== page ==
Start from the Mam Nick car park, owned by the National Trust, and exit out of the route at the back. Head up the steps and the follow the path – this is where the climb up the hill begins. The path eventually meets a small road, at which you should see a gate on the right-hand side. Head through it and go up the steps to the summit.
Once you’re at the top, you’ll be able to admire incredible views, as well as some fascinating history. Here lies the second-highest fort (of this kind) in Britain and its believed to date back as far as the late Bronze Age, though little is known about it. There are also two Bronze Age burial mounds, though one is underneath the summit, so you may not realise it’s even there.
The next part of this journey is simple – just follow the path along the Great Ridge, where you’ll make a short ascent up Back Tor, before descending to Lose Hill. Take some time to enjoy the views and rest, before heading back the way you came.OPEN IN OS MAPS
This is a fairly gentle, varied walk through beautiful moorland, during which you’ll traverse across a valley with a stone circle, a picturesque hamlet and the stunning grounds of Broomhead Hall. Be wary that you need to be steady on your feet for this six-mile walk, as the paths are well-defined but rough and the ground is uneven in places.
Your starting point is Mortimer Road, which is opposite Broomhead Hall Farm. You should see a gate onto Broomhead Moor – go through it and take the path which heads in a north-west direction; you’ll cross a stream and eventually see a footpath marker.
To see the stone circle, you’ll need to make a slight detour from the marker – head right instead of left. Once you’ve paid it a visit, you can then return to the path and head up the farm track. Keep going until you pass a shooting lodge, then turn left up onto the moor. When the farm track comes to an end, continue south across the moor, walking across the heather for about 300m or so. You should reach a main path, at which you should turn left and follow it.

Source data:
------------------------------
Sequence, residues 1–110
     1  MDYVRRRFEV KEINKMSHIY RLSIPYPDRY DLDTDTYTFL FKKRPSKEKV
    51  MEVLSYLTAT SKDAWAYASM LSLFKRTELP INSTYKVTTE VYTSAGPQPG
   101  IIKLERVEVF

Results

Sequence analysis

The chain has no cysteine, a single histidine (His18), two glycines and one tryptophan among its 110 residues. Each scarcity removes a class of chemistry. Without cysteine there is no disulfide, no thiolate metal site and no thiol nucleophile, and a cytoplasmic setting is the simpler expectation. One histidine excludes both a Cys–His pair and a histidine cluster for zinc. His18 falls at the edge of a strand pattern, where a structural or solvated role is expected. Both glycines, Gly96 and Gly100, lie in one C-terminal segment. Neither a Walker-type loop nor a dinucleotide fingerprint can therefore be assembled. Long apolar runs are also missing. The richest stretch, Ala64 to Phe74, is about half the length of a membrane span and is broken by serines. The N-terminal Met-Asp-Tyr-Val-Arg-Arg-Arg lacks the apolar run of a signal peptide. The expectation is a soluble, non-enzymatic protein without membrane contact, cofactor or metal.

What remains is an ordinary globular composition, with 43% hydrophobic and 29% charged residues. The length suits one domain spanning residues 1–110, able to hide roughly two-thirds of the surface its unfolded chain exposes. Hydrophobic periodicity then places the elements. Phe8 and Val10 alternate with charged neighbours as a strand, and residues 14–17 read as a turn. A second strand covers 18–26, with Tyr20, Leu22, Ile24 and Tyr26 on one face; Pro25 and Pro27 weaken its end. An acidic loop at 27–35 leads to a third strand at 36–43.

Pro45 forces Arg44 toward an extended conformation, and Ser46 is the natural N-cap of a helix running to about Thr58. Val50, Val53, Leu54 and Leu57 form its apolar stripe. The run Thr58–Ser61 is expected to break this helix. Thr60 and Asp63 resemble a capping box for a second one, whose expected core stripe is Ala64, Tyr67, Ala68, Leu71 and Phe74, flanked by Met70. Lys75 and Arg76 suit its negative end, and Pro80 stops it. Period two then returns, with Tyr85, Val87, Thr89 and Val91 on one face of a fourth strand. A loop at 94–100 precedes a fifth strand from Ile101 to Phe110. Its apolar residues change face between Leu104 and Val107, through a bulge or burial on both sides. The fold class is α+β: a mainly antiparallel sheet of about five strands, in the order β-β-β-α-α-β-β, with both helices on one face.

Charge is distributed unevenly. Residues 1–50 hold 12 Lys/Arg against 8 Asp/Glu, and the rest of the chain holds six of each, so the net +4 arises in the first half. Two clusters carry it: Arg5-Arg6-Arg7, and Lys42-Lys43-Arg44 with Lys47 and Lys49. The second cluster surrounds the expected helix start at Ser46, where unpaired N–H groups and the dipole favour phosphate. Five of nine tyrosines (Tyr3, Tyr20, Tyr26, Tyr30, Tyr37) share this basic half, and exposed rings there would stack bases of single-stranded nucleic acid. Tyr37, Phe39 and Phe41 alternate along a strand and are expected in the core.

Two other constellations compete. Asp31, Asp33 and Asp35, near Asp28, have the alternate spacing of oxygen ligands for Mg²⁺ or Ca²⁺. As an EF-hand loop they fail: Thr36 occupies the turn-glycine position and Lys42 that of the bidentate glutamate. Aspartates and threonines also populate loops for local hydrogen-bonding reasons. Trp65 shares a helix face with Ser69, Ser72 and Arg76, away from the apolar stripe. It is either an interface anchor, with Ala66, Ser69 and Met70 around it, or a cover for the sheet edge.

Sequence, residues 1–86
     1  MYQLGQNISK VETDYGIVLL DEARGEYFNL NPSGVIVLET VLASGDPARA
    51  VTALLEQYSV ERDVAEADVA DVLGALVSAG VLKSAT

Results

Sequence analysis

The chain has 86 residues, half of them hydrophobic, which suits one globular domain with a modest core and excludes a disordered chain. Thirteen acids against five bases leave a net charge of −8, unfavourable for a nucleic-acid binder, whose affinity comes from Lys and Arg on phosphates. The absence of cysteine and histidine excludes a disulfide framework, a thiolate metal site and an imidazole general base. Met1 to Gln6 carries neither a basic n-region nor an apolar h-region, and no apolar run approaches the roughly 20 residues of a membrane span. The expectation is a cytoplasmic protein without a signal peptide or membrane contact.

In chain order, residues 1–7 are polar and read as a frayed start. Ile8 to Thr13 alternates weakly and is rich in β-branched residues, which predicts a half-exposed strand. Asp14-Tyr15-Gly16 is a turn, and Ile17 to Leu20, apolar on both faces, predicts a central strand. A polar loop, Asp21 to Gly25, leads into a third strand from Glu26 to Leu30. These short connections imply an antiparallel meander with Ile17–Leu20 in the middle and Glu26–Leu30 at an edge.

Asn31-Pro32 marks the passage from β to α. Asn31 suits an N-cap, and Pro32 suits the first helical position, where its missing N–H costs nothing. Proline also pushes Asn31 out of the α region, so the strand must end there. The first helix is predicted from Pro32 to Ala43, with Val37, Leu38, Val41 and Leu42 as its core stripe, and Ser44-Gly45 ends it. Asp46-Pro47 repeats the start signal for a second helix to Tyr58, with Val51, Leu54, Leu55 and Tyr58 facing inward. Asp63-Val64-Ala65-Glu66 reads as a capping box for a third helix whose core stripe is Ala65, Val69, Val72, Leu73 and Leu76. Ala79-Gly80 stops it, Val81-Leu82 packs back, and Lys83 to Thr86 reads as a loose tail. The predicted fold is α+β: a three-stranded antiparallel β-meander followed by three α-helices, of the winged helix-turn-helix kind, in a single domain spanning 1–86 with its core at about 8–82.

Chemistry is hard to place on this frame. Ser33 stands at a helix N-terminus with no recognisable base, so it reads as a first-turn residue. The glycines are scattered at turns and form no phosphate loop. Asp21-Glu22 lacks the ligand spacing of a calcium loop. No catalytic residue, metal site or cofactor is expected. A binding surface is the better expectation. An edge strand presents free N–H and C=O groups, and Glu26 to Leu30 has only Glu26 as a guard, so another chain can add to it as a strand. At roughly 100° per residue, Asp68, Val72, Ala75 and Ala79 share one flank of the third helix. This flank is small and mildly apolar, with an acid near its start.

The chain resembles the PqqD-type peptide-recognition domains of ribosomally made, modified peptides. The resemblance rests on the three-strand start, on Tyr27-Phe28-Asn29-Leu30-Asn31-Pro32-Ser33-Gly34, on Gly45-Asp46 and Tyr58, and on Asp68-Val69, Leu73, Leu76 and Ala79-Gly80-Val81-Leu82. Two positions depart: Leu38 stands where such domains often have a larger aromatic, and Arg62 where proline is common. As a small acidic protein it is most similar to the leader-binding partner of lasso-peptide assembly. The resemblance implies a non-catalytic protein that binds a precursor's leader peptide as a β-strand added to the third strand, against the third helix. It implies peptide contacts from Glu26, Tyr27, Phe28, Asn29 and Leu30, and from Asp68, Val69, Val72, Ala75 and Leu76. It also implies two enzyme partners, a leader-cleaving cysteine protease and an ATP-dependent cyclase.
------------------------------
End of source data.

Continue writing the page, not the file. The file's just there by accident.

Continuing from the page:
The track will take you back to Mortimer Road. Turn left here and walk until you arrive at a junction – you should see one of our markers in the fenced enclosure! From the junction, head through the gate which leads onto a bridle path. Keep going until you reach another junction, then take a left onto Lee Lane. Cross the stile and head up towards the gate; go through it and walk through the field on your left-hand side, heading in a north-west direction.
You should soon see some blue footpath markers ahead, follow these and go up the hill, walking to the right of the farm building. Once you’ve passed the building you should see a stone wall with a gate, but instead of heading through it you need to go over the stile to the left. From here you need to follow the lane until you reach Mortimer Road again.
We hope you enjoy the three walks above – don’t forget to get yourself a Dark Peak area map before you head off. It will certainly come in handy!
Have a favourite walk of your own? Tell us about it in the comments below.